Friday, October 12, 2012

Kids these days

Last week I went on a two-day school trip to London.  We went on a sightseeing tour, saw Wicked, and went to the Warner Bros studios.  A few things on this trip highlighted to me how different the kids were to what I was like at their age.  Few if any of these things were new to me, but realising or remembering them all in a short space of time was interesting.

  1. Within about 20 minutes of leaving on the Thursday morning, before we even got to Darlington, some of the kids were asking 'are we nearly there yet?'  There weren't joking.  They actually thought that, after 20 minutes of driving, we were probably nearly at London.  They had no idea how far away London is.  When, at one point, we said we were near Leeds, hardly any kids had heard of the place.
  2. Because we were going to the Warner Bros studios, we had a Harry Potter quiz on the way down.  I wrote it (obviously), and based the questions on the books (even more obviously).  That meant that some of the questions couldn't be answered if you'd only seen the films.  Almost all the kids had seen at least some of the films.  Hardly any had read any of the books.  I was actually shocked at how many of these pretty big Potter fans hadn't read any of the books.  When we asked why, they simply said 'I don't read'.  Like, ever.  Reading was just not something they did.  Over the course of the whole trip, I saw just one child (out of 55) reading a book.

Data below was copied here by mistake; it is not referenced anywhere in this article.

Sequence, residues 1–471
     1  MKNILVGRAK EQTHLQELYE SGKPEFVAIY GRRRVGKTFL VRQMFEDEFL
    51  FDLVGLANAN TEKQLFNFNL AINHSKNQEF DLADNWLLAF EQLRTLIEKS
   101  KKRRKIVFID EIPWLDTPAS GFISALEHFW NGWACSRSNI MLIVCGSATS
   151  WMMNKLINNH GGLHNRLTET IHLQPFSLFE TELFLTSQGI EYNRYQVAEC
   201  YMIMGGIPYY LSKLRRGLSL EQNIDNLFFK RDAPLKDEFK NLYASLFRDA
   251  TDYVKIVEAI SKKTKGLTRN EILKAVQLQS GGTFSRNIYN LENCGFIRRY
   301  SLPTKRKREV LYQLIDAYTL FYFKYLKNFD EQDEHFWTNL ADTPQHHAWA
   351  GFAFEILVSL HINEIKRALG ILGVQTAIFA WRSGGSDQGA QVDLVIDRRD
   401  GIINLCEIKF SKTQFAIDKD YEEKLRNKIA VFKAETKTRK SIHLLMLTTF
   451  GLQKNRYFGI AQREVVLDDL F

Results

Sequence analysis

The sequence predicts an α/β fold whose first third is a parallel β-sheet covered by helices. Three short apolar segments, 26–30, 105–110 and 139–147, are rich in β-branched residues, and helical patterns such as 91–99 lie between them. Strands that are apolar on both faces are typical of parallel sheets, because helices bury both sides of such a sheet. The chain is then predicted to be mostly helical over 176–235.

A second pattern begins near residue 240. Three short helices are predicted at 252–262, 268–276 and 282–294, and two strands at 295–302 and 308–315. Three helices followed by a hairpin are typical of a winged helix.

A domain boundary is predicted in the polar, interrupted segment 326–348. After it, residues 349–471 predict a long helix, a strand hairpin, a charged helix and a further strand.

3. Most of the kids took spending money in the region of £150-200.  For a two-day, one-night trip.  At their age I would probably have taken £20.  Wow.
  4. We spent an hour or so walking round London, seeing some of the sights.  Many of the kids really struggled to deal with so much walking.  An hour.  At a relatively slow place, with a fair few pauses.  They were just not used to walking anywhere.
  5. One kid lost his phone.  His reaction?  He looked for it in his bag, and his hotel room, and then shrugged and said 'It's ok, I'll get an iPhone for Christmas'.  The culture of disposability.
  6. At the Harry Potter studios, most of the kids had their phones or cameras out to take photos.  Fair enough.  But some of them did this to such an extent that they barely even looked at the exhibits.  They were using their phones instead of their eyes.  They could have just stayed at home, given me a camera, and got me to email them the photos when I got back, and they'd have had pretty much the same experience.  Ok, that's a slight exaggeration, but they did seem to be sacrificing the moment itself for the sake of recording the moment.
  7. Having said all this, it was very sweet to see their reactions when we got back to school on the Friday night.  It was as if they'd been away for a month, they were so delighted to be home.  Of course, for many of them, it was the longest time they'd been away from home.

As I said, I knew all this stuff.  But seeing it all in a short space of time really brought it home to me how much the childhoods of these kids were different to mine.  Something to ponder.

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